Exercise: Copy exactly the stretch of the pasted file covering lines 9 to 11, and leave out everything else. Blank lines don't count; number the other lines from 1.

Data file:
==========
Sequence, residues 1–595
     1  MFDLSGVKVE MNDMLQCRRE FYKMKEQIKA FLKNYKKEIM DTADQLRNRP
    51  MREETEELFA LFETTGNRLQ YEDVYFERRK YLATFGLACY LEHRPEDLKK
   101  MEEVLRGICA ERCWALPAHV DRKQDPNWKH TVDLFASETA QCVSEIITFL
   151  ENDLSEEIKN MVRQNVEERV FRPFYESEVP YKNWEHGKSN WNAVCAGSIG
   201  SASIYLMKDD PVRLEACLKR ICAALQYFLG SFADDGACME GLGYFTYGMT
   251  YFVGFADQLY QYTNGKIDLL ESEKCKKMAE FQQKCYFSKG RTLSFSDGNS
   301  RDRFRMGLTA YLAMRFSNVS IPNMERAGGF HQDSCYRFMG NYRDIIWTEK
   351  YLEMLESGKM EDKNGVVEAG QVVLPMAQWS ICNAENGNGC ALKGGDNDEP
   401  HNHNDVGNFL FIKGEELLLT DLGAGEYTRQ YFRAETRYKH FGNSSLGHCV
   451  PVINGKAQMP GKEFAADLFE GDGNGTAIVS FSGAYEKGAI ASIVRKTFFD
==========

   351  YLEMLESGKM EDKNGVVEAG QVVLPMAQWS ICNAENGNGC ALKGGDNDEP
   401  HNHNDVGNFL FIKGEELLLT DLGAGEYTRQ YFRAETRYKH FGNSSLGHCV
   451  PVINGKAQMP GKEFAADLFE GDGNGTAIVS FSGAYEKGAI ASIVRKTFFD